Why Baltimore's star prosecutor will have a hard time convicting the 6 charged cops


Baltimore Attorney Marilyn Mosby

REUTERS/Adrees Latif

Baltimore state attorney Marilyn Mosby speaks on recent violence and says there is "probable cause to file criminal charges in the Freddie Gray case" of officers involved in the arrest of the black man who later died of injuries he sustained while in custody in Baltimore, Maryland May 1, 2015.

Baltimore state's attorney Marilyn Mosby filed charges against six members of the city's police department Friday in connection with the death of Freddie Gray, a case that experts say is both rare and difficult to prove.


"I can't think of any situation like this where six officers get indicted where there's these kinds of charges in one setting," Bowling Green State University professor Philip Stinson told The Baltimore Sun.

Stinson said this fits into a trend of videos playing a role in controversial police cases across the US. Before the charges against the officers were brought, video circulated of Gray being dragged limp into a police van, which may have led to his death.

After placing Gray in the van, officers reportedly stopped at least four other times but never properly secured him with a seat belt, Mosby said at the press conference, The Baltimore Sun reports. They also allegedly failed to give him medical attention, though he asked for it twice, according to Reuters.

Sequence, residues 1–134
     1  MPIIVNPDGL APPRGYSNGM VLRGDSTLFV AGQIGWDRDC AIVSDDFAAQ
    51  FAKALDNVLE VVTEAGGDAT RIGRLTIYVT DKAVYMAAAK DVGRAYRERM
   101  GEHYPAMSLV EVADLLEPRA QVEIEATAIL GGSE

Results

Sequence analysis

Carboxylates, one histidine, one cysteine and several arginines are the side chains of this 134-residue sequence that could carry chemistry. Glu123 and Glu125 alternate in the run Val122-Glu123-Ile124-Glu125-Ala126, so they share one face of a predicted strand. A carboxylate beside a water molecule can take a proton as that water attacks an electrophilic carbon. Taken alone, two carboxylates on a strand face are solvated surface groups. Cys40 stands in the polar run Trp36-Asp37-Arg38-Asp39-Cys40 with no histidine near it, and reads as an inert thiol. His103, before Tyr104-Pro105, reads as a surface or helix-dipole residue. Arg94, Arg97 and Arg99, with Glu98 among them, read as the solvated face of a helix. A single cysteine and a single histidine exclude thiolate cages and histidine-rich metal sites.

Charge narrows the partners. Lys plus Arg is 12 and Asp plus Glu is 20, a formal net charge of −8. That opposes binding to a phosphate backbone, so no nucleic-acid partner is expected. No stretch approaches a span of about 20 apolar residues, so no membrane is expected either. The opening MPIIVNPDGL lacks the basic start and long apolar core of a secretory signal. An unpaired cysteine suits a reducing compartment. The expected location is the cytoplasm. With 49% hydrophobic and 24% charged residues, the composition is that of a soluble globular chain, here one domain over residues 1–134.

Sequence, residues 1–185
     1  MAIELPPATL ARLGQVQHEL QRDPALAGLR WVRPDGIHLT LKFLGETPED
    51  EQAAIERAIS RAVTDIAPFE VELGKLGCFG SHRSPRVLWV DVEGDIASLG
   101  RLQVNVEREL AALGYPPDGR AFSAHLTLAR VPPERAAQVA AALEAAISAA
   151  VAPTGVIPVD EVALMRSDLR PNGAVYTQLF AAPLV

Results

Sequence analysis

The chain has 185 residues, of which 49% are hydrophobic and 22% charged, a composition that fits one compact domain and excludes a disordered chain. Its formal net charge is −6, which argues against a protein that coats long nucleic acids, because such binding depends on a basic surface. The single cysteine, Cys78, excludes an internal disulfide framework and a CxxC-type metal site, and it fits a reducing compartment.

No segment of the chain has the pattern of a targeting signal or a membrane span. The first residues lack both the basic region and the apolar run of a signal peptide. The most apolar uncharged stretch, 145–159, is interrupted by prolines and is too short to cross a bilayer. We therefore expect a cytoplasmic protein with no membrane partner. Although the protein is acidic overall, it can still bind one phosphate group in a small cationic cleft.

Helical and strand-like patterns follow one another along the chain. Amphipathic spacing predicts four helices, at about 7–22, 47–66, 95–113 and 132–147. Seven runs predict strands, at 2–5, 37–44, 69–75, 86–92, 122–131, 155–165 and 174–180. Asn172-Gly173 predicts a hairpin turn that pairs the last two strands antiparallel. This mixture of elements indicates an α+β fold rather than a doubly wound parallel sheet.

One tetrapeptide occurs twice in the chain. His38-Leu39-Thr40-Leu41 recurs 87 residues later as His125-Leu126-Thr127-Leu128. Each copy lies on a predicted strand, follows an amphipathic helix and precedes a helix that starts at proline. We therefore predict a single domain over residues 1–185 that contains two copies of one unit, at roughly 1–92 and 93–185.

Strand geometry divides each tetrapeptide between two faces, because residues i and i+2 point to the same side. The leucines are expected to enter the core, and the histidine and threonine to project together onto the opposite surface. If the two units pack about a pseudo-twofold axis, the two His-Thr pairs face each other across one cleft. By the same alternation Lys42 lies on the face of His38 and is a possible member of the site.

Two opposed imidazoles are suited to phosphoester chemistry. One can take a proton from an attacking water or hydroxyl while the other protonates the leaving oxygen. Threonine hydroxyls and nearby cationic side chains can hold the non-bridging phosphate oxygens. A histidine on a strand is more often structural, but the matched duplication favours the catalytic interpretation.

However, as The New York Times points out, "much of what happened to [Gray] occurred either in the presence of the officers who have been charged or while he was alone in the back of the police wagon."


It's unlikely that police officers would turn on each other during a trial, due to the loyalty that typically runs through departments, David A. Harris, a University of Pittsburgh law professor and an expert on racial profiling, told The New York Times.

Jurors are often "inclined to give [police officers] the benefit of the doubt," according to The Times, because behavior "such as beating or even shooting another person" is assumed to be part of a cop's job.

"It's always difficult to get a guilty verdict against a police officer except in the worst and strongest cases," Harris told The Times. "A police officer comes into a courtroom not just presumed to be innocent, but presumed to be the good guy."

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